This is a novel about the damage rumours can do. Healy is a small town and even the adults know the stories, but no one intervenes. Alice’s single mother is non-existent in a parental role, leaving Alice to fend for herself. We don’t hear from Alice until the very end – which I actually think was a smart choice on Mathieu’s part. Instead, we watch her navigate the steady stream of vitriol and slowly start to find her path due to her unexpected friendship with Kurt, a character you can only imagine has suffered his fair share of bullying.

The truth will out and when it does, some of the machinations didn’t ring quite true to me, particularly Alice and Elaine’s conversation in the hair salon, but that’s only a small niggle. I thought The Truth About Alice tackled a timely subject with a lot of honesty and many teens will certainly see themselves in the story.

Monsters – Emerald Fennell

monstersWhat would you get if you mixed Enid Blyton with Stephen King? I think you’d probably get Monsters by Emerald Fennell.

Monsters is the story of a twelve-year-old girl who has spent the last three summers at her Aunt Maria and Uncle Frederick’s crumbling seaside hotel because her “parents got smushed to death in a boating accident.”  The unnamed narrator now resides with her maternal grandmother and “During the summer holidays, Granny always decides she has enough of me…” That’s how she ends up in Fowery, somewhere on the Cornish coast of England.

The town of Fowery is as eccentric as its residents, a “tiny multicoloured town…built up the side of a green, green hill” and ruled by William Podmore, a recluse who is rarely seen.

Everyone in town knows our narrator – she’s a regular visitor to the candy store and book shop. She knows they think she’s peculiar. And she is. She’s fascinated with murderers and she and her grandmother often watch gory films together. She’s practically memorized The Murderers’ Who’s Who. So she hits the creepy jackpot when the body of a woman is found caught in a fisherman’s net. Suddenly, the summer is starting to look up.

Then thirteen-year-old Miles arrives with his over-bearing mother. Turns out  Miles has a lot in common with our narrator:  he’s fascinated with true crime, a little on the eccentric side and he’s smart.

I really enjoyed Monsters. It’s quite unlike any recent YA book I’ve read.  I was a big reader of Enid Blyton’s books when I was a kid. I loved solving the mysteries in the Adventure series. Fennell’s book is certainly more subversive than Blyton’s books – which were straight up mysteries a la The Bobbsey Twins. Monsters is decidedly darker.

Miles and our narrator spend the summer trying to figure out who murdered the young woman and when another body turns up, they try to figure out who might be next on the killer’s list. They also play their own murder game.

This time instead of being strangled, the victim was drowned. Miles would push me under the water, and I would have to thrash around, yelling and screaming, begging for my life.

If this sounds a little twisted, it is. Monsters is a page-turner with an extended cast of characters ripped straight from a Tim Burton movie. It is odd and oddly fun.

Highly recommended.

 

 

This Gorgeous Game – Donna Freitas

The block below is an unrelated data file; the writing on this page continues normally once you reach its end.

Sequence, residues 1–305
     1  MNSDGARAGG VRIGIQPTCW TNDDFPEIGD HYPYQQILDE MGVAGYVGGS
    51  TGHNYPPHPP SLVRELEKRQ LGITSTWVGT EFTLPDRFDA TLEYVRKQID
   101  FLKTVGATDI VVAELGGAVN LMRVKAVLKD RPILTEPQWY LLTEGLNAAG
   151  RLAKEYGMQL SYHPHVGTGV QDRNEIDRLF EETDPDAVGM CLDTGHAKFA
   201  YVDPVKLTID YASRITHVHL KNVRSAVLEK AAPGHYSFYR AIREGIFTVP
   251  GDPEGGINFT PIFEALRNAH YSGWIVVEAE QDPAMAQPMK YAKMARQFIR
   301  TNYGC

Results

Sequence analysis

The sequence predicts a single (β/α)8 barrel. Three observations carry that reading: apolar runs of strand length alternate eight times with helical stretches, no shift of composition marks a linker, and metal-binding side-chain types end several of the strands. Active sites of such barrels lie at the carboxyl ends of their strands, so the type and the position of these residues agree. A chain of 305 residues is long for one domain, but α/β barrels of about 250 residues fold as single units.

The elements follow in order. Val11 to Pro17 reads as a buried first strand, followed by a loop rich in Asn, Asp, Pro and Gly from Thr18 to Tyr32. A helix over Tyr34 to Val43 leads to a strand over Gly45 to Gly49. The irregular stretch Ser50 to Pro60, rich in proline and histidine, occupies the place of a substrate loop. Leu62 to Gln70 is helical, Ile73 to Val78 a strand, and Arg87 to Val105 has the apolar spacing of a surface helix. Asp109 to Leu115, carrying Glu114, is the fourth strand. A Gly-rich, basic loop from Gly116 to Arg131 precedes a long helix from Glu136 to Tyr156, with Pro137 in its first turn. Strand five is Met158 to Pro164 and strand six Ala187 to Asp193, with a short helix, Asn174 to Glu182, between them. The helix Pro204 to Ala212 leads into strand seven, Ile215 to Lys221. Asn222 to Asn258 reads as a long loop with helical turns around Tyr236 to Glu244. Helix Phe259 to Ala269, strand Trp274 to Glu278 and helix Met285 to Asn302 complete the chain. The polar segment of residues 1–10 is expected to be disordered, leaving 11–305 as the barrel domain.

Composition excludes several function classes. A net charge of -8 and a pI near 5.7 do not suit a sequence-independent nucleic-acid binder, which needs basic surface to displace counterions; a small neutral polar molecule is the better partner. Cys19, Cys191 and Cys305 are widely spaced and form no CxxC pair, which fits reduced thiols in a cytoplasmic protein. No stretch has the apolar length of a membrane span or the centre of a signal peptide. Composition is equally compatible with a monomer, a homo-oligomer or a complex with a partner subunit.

Olivia Peters, the protagonist in Donna Freitas’ YA novel This Gorgeous Game,  is a seventeen-year-old aspiring writer who lives with her single mom and older sister in a close knit Catholic community in Boston. How Catholic? Let’s just say that the Peters’ have lots of priests and nuns for dinner and Olivia attends a high school where the principal is a nun.

gorgeousOlivia is beautiful and outgoing, but she’s one of those girls who doesn’t really know it – or, if she knows it, she doesn’t flaunt it. She’s a good girl. She’s obedient. All she wants-  all she can ever remember wanting – is to be a writer. When she wins the first annual Emerging Writers High School Fiction Prize  she admits “I’ve always loved writing but I didn’t really think it would amount to anything.” The prize is substantial: a ten thousand dollar scholarship towards the college of Olivia’s choice, publication of her story and a spot in Father Mark Brendan’s prestigious summer fiction seminar.

Yeah, that  Mark Brendan. Olivia knows him – by reputation, at least.

I am struck by the tiny lines that web from his smiling eyes, the gleam from his perfect white teeth, his thick salt-and-pepper hair, the size of his hands, so large, the hands of a strong man. Everything about him seems to glow from within and soon I am aware that I am not the only person in the room who finds this visitor striking.

This priest is a celebrity, and also super-creepy. I mean, c’mon, the first thing he does is invite Olivia for a drink. She shows up in her school uniform and drinks hot chocolate while he drinks scotch and holds court.

I probably shouldn’t say this, but the moment I first saw you, I wondered to myself: how did so much talent, such insight and imagination, come from a girl so young, and with such startling beauty? What a beauty! I thought. God must have such extraordinary plans for such a creation as this.

In the beginning, Olivia basks in the glow of Father Mark’s attention: the private meetings to (ostensibly, at least) work on editing her story, the notes he leaves for her, the packages he sends. But soon Olivia is feeling isolated from her friends and family and Mark’s enthusiasm for her talent starts to feel like a yoke around her neck. He turns up unexpectedly in places he shouldn’t be, waits for her outside the school, gives her inappropriate gifts, calls her incessantly.

Turns out, Father Mark is not only a talented writer, but a talented stalker, too. Is it because of his celebrity status that the adults in Olivia’s life don’t see the change in her demeanor: she stops eating, her hair is listless, the spark is gone. She makes excuses until she can’t anymore, but I was really disappointed in her mother and in Sister June, the school principal, who seemed to have some misgivings early on, but didn’t intervene.

This Gorgeous Game is a page-turner that highlights the ways  in which someone in a position of power takes advantage of someone vulnerable. There is nothing graphic here and Olivia is a likeable narrator, if a little sheltered and naïve – which is, of course, completely understandable given her upbringing.